Macron wanted the May 23-26 European Parliament elections to be the key moment that he could push his ambitions for a stronger Europe — but instead, nationalists and populists who criticized the 28-nation bloc could achieve unprecedented success.
They argue that EU leaders have failed to manage migration into the continent and remain out of touch with ordinary workers’ concerns.
“We have a crisis of the European Union. This is a matter of fact. Everywhere in Europe, when you look at the past five to six years, in our country but in a lot of countries, all the extremes, extreme-rights, are increasing,” Macron said Thursday, making an unexpected appeal for European unity on the sidelines of a technology trade show.
“On currency, on digital, on climate action, we need more Europe,” he said. “I want the EU to be more protective of our borders regarding migration, terrorism and so on, but I think if you fragment Europe, there is no chance you have a stronger Europe.”
In person, the 41-year-old Macron comes across as strikingly, sincerely European. A political centrist, he’s at ease quoting Greek playwrights, German thinkers or British economists. France’s youngest president grew up with the EU and has been using the shared European euro currency his whole adult life, and sees it as Europe’s only chance to stay in the global economic game.
Macron has already visited 20 of the EU’s 28 countries in his two years in office, and while he acknowledges the EU’s problems, he wants to fix the bloc — not disassemble it.
Macron won the 2017 presidential election over France’s far-right, anti-immigration party leader Marine Le Pen on a pledge to make Europe stronger to face global competition against the Unites States and China. Since then, he’s had to make compromises with other EU leaders — and clashed with some nations where populist parties govern, from Poland to neighboring Italy.
Four months after his election, Macron outlined his vision for Europe in a sweeping speech at Paris’ Sorbonne university, calling for a joint EU budget, shared military forces and harmonized taxes.
But with Brexit looming and nationalism rising, Macron has had to reconsider his ambitions. He called his political tactics with other EU leaders a “productive confrontation.”
“In Europe, what is expected from France is to clearly say what it wants, its goals, its ambitions, and then be able to build a compromise with Germany to move forward” with other European countries, Macron said last week.
Macron stressed that despite her initial reluctance, German Chancellor Angela Merkel agreed last year to create a eurozone budget they hope will boost investment and provide a safety mechanism for the 19 nations using the euro currency.
In March, Macron sought to draw support for a Europe of “freedom, protection and progress” with a written call to voters in 28 countries to reject nationalist parties that “offer nothing.”
And he proposed to define a roadmap for the EU by the end of this year in a discussion with all member nations and a panel of European citizens.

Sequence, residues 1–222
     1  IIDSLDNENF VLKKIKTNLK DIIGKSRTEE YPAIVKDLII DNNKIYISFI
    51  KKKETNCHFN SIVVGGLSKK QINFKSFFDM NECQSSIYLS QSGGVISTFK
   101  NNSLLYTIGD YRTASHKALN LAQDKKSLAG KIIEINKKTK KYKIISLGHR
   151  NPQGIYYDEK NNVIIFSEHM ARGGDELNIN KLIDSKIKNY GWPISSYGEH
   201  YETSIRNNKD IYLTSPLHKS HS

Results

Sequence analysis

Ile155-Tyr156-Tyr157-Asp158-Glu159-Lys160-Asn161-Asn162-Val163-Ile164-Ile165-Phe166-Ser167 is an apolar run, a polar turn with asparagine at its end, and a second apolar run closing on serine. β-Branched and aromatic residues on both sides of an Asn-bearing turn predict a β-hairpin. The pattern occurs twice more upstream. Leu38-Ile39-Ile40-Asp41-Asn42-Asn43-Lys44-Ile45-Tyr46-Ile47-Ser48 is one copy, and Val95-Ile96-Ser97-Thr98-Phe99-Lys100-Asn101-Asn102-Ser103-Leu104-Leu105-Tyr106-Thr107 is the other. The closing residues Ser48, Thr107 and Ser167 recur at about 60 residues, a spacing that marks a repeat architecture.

“There will be disagreement, but is it better to have a static Europe or a Europe that advances, sometimes at different paces, and that is open to all?” he asked.
France and Germany are the two heavyweights in Europe, and Macron can also count on cooperation from pro-European governments of Belgium, The Netherlands, Spain, Portugal and others.
He has made a point, however, of not yet visiting Hungary or Poland, two nations led by populist leaders whom Macron accused last year of “lying” to their people about the EU.
France has also been entangled in a serious diplomatic crisis with Italy over migration into Europe. Italy’s anti-migrant Interior Minister Matteo Salvini has repeatedly criticized Macron and is backing his rival Le Pen’s National Rally party in the election this week that aims to fill the European parliament’s 751 seats.
Macron has little chance to repeat Europe-wide what he did in France: rip up the political map by building a powerful centrist movement that weakened the traditional left and right.
The campaign for Macron’s Republic on the Move party is being led by former European Affairs Minister Nathalie Loiseau under a banner called “Renaissance.” The party wants to associate with the pro-market ALDE alliance to create new centrist group at the European Parliament.
But across the continent, the centrists are not expected to come out remotely on top but rank third or even lower behind the parliament’s traditional two biggest groups, the right-wing European People’s Party and the left-wing Socialists and Democrats group.
Even at home, Macron is far from certain of being able to claim victory in the European vote. Polls suggest his party will be among France’s top two vote-getters in the election, which takes place in France on May 26.
But its main rival, the far-right National Rally party, is determined to take revenge on Macron beating Le Pen so decisively in 2017.
Macron’s political opponents across the spectrum are calling on French voters to seize the European vote to reject his government’s policies.
While he won 64% of the presidential vote in 2017, French polls show that Macron’s popularity has been around half that for the past year.
It reached record lows when France’s yellow vest movement broke out last fall, demanding relief from high taxes and stagnant wages for French workers, then slightly rose as extensive violence during yellow vest protests, especially in Paris, dampened support for the movement’s cause.
Still, the yellow vests are not going away. New protests against Macron and his government are planned for the EU election day.